Rentcycle Rebrands to Getable, Launches App for Rental Shops

Share Article

Product rental marketplace follows in OpenTable’s footsteps with in-store management platform

Rentcycle, the leading provider of product rental reservations online, unveils a new product offering in the form of an in-store rental management solution. The cloud-based system, available to rental businesses both as a web app and an iPad application, organizes inventory data, customer information, payments, and real-time analytics on business performance. Now, any of the 65,000 rental shops across the U.S. can manage their in-store reservations through the same system that facilitates their online reservations.

This new strategy is marked by a new name as the company rebrands to Getable. The inspiration for Getable is to highlight the benefits of an access-based economy and to redefine what it means to rent. The rise of ZipCar, Airbnb and other Collaborative Consumption companies has proven that people don’t need to own everything in their lives, often preferring the option to gain access. Getable connects people to their favorite products on-demand from trusted rental establishments. Whether you’re looking for a snowboard for a weekend trip to the mountains or a designer dress for that fancy wedding, a post-ownership lifestyle is attainable through Getable.

“We want Getable to be the place you go to get what you want, when you need it—whether it’s a pressure washer for a cleaning project or a bouncy castle for your kid’s birthday party,” says Tim Hyer, CEO of Getable. “The new name signals our commitment to product rental, while breathing fresh energy into what the rental experience can become through modern technology. Our decision to help rental stores facilitate their day-to-day operations opens even more doors to what’s possible.”

Getable’s new rental management technology has been deployed with early partners throughout San Francisco and puts the company even closer to the core operations of the rental industry, an $85 billion space. The in-store system consists of both hardware and software and is reminiscent of OpenTable’s terminals which manage table availability at the restaurant level and sync reservations across multiple channels. Getable’s rental solution establishes a deeper connection between rental merchants and their customers in the same way OpenTable’s terminals strengthen the relationship between restaurants and diners.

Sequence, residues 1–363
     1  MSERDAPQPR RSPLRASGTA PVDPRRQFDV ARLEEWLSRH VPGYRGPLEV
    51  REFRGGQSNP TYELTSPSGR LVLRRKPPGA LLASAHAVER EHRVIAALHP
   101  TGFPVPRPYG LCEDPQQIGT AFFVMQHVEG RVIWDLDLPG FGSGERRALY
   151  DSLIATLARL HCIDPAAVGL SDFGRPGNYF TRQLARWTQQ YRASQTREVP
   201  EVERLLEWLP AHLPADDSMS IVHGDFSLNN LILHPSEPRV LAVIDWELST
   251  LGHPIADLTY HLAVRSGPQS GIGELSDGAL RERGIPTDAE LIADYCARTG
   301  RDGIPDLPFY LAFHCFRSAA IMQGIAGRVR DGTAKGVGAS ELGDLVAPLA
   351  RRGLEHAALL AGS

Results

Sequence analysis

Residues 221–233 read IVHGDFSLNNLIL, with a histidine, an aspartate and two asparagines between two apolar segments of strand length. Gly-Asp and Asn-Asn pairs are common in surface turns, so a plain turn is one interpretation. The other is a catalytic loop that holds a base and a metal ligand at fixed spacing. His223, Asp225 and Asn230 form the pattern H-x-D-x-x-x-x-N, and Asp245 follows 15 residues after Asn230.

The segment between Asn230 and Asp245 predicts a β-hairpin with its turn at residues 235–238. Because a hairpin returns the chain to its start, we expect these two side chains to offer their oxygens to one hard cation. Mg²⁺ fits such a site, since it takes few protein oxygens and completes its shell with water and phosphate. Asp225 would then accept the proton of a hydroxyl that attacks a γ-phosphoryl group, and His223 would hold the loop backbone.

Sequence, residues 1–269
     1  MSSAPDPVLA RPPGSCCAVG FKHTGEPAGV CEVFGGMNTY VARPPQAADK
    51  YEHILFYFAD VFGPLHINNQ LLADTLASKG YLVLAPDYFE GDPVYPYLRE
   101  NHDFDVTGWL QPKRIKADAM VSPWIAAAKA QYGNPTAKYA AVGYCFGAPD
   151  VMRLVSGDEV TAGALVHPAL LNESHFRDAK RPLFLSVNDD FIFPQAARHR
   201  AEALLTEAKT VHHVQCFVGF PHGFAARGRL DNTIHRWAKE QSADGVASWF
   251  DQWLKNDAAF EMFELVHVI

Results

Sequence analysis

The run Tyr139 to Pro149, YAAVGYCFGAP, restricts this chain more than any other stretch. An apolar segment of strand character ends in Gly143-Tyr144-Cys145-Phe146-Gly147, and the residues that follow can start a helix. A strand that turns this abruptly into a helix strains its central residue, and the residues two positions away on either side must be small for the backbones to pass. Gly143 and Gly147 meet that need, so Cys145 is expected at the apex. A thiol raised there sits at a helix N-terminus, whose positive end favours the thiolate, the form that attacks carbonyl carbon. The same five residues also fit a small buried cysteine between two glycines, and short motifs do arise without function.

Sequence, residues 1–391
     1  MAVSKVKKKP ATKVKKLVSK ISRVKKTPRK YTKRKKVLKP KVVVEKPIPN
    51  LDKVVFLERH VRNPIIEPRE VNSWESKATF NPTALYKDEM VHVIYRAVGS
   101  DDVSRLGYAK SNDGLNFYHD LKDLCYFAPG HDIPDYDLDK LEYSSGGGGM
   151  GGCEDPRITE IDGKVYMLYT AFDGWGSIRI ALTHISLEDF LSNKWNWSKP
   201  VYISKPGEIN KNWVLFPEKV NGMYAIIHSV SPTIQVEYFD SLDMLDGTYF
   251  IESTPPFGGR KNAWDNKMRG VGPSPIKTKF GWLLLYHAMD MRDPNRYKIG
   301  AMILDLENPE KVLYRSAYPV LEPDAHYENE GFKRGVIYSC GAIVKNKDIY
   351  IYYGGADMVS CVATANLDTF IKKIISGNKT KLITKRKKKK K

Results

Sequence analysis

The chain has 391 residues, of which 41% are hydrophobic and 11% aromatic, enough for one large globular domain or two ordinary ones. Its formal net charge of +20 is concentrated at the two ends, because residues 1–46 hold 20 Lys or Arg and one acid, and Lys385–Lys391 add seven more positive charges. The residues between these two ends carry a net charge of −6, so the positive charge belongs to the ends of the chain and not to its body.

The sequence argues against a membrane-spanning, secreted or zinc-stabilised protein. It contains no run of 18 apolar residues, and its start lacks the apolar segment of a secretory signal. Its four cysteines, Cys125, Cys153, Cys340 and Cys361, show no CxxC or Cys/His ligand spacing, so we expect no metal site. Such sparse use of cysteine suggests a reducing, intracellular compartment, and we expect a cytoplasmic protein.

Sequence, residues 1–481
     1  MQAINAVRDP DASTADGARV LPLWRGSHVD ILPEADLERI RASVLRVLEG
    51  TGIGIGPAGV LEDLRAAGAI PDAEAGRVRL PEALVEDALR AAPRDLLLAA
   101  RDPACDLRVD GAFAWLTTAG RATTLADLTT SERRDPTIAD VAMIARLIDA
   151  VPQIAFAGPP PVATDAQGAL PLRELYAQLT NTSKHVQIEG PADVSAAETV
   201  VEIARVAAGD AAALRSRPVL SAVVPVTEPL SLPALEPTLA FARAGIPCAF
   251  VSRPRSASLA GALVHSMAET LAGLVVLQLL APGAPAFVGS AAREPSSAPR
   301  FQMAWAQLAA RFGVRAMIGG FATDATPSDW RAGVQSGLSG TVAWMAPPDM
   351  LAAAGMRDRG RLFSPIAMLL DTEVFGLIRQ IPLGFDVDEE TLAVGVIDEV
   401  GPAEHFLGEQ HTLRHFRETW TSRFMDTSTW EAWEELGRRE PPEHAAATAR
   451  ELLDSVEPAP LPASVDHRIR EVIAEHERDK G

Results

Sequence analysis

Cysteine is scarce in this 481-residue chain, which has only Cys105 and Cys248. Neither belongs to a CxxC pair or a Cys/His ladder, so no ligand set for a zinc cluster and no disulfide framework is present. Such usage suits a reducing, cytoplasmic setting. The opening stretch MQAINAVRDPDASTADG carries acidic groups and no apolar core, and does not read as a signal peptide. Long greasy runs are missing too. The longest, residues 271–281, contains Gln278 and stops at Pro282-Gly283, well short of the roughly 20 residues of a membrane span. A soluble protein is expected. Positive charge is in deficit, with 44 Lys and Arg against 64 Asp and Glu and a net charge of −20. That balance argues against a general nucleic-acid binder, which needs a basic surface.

“It’s about creating an operational tool that helps rental stores better manage and grow their business, which gives customers greater access to their reservations,” explains Chuck Templeton, Founder of OpenTable and board member at Getable. “This is exactly what we did at OpenTable which addressed supply and demand with a single solution.”

In addition to its in-store technology, Getable continues to expand its role as the largest rental marketplace online, recently surpassing 100,000 unique rental listings in the San Francisco Bay Area. Its footprint extends beyond local providers through partnerships with nationwide rental services, such as Rent The Runway and Adorn, which offer designer fashions on a budget, and BorrowLenses, popular for on-demand photography equipment. So far, Getable has processed $250,000 in rental transactions, a number it expects will grow significantly as it rolls out its in-store platform.

About Getable

Getable launched in 2010 and connects people with their favorite products on-demand, from trusted rental establishments. Getable provides any store that rents items, from tuxedos to bicycles, with the tools to move their business online, leaving behind paper or server based inventory systems widely used today. The company serves the product rental industry, an $85B space, and hosts listings from across the United States. Rentcycle, with offices in San Francisco, California, is a private company that is funded by prominent Silicon Valley investors. To learn more about how to use Getable for all of your product rental needs, please visit

Share article on social media or email:

View article via:

Pdf Print

Contact Author

Tim Hyer

Email >
Visit website